In 1994 I was exactly where LeeAnn is today. I had resigned my teaching job, and went home to bed. I stayed in bed for the better part of six months, thinking "I'm either crazy or I'm very ill. I need to know which." That thinking took its toll on my psyche, but I had a great therapist.  And it took more than a few doctors to diagnose my initial autoimmune disorder, lupus (SLE), in January of 1995. By the end of that year, I had obtained a divorce from my first husband, ending a marriage that had long-since run its course. A year later, I fell in love with and married my sweetheart Markie, and we'll celebrate our 20-year anniversary just eight weeks from now on June 1st.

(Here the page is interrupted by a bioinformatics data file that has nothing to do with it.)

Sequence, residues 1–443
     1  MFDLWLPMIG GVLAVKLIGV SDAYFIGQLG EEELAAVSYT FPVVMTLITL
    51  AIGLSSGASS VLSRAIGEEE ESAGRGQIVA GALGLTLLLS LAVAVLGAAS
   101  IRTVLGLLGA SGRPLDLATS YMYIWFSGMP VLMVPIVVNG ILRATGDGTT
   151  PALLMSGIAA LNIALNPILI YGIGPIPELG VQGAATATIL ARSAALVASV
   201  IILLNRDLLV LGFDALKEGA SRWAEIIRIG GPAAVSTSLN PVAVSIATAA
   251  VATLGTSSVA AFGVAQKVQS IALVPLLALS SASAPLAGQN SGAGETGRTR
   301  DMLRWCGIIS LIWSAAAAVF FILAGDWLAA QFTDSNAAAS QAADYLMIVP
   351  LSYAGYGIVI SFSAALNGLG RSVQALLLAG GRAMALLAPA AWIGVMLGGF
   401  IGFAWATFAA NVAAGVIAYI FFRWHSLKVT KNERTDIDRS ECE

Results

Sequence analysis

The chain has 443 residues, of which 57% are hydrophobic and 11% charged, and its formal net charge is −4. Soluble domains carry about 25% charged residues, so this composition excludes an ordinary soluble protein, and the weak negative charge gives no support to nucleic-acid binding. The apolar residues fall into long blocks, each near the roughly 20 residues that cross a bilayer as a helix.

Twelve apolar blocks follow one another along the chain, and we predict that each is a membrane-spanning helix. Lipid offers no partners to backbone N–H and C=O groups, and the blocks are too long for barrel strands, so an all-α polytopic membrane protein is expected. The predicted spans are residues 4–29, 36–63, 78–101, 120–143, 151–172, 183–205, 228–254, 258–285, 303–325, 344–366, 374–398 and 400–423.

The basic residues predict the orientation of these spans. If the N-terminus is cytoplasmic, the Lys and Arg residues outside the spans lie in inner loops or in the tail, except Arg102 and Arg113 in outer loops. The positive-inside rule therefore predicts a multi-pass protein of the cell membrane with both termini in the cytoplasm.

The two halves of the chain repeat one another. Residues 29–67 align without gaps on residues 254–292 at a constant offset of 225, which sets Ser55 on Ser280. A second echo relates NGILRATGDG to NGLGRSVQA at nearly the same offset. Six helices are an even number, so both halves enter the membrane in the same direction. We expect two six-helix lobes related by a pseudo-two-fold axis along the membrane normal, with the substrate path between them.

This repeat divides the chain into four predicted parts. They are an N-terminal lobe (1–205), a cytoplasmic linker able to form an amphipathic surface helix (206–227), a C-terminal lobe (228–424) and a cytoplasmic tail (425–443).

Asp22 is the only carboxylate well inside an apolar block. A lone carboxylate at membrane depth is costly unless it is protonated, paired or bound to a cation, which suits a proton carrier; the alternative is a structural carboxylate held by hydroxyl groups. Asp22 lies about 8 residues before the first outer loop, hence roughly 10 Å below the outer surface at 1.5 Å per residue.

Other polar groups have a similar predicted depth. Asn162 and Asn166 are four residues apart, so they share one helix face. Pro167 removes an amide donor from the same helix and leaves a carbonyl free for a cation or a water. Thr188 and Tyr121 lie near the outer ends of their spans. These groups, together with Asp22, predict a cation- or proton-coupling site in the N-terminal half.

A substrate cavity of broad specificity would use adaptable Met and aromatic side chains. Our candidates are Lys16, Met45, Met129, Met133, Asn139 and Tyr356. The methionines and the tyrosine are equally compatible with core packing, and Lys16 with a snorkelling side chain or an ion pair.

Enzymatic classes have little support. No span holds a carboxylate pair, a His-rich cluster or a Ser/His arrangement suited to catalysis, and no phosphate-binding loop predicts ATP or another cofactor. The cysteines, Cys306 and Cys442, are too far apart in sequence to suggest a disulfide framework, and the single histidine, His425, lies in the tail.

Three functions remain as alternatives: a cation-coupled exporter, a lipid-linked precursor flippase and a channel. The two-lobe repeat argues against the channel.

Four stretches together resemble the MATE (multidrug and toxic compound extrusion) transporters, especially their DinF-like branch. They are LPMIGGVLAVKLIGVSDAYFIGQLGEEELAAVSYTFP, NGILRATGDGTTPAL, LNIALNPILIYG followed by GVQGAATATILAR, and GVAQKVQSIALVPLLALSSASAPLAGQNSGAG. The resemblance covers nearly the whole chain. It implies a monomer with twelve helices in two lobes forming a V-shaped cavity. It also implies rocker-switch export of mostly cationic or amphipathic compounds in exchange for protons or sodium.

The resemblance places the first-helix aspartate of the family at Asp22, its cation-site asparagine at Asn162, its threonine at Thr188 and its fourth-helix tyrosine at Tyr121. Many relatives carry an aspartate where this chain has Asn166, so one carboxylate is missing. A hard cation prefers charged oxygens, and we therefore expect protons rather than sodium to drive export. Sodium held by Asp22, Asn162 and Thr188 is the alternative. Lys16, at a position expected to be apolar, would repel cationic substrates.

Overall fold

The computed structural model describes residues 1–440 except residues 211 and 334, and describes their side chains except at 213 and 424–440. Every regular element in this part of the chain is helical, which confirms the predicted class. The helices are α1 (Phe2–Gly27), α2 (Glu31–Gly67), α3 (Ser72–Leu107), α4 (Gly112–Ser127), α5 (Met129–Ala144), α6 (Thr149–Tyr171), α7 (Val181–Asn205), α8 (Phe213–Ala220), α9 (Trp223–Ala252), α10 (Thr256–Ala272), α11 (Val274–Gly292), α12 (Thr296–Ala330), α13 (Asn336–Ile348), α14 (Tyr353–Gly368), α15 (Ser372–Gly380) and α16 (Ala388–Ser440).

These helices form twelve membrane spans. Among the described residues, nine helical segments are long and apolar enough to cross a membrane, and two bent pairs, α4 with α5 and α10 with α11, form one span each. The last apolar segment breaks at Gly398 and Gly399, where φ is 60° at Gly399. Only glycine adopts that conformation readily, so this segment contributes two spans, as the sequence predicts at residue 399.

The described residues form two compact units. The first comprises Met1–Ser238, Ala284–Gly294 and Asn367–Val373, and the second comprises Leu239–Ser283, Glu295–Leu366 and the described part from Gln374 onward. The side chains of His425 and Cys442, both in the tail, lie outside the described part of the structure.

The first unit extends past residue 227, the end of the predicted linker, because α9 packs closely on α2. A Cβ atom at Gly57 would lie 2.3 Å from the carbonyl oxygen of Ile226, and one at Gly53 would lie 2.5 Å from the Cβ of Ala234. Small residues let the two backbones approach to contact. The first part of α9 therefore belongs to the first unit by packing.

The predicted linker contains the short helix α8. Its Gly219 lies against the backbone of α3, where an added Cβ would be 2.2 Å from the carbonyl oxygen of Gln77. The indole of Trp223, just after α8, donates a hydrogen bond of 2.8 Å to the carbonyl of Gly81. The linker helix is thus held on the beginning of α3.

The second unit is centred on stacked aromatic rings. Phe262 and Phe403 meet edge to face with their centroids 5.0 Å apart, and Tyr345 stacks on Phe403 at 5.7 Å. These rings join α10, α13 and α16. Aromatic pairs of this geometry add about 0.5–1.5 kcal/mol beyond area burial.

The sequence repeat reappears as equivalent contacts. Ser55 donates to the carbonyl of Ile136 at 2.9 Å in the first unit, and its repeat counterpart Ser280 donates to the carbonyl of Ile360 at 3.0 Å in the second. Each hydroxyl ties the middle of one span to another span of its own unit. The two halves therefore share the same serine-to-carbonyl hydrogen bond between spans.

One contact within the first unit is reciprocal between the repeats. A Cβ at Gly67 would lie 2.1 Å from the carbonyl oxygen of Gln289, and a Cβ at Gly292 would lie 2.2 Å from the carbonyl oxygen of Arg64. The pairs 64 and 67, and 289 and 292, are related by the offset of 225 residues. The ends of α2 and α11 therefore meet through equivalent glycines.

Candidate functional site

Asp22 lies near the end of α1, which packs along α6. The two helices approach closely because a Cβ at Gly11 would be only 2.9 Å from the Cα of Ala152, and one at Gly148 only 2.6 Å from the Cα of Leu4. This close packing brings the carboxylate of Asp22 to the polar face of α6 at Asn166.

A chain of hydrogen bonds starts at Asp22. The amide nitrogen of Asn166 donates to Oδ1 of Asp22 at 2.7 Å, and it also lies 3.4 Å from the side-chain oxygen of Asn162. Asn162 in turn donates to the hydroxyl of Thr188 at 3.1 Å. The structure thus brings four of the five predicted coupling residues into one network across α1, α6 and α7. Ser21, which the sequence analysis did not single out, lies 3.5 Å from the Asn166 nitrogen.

There is life after autoimmune! But one needs a strong support system, a caregiving spouse, a good primary care physician, and the honesty to say, "I'm too sick to (fill in the blank)." It's a roller coaster life: up one day and down the next. You become very selective in how you spend your energies, because once they are used up, it may take more than a few days to build them up again. I love this woman for her courage and for the sweet smile she wears in spite of pain, fatigue, discomfort and frustration. That smile, the one we all learn to put on, will become a double-edged sword that she will use to fight the good fight while using it to mask the symptoms of her illnesses. Dear sister, I thank God for leading me to you, so that I can help to lift you up when you need it. God bless you

!

05 March 2016

Political Correction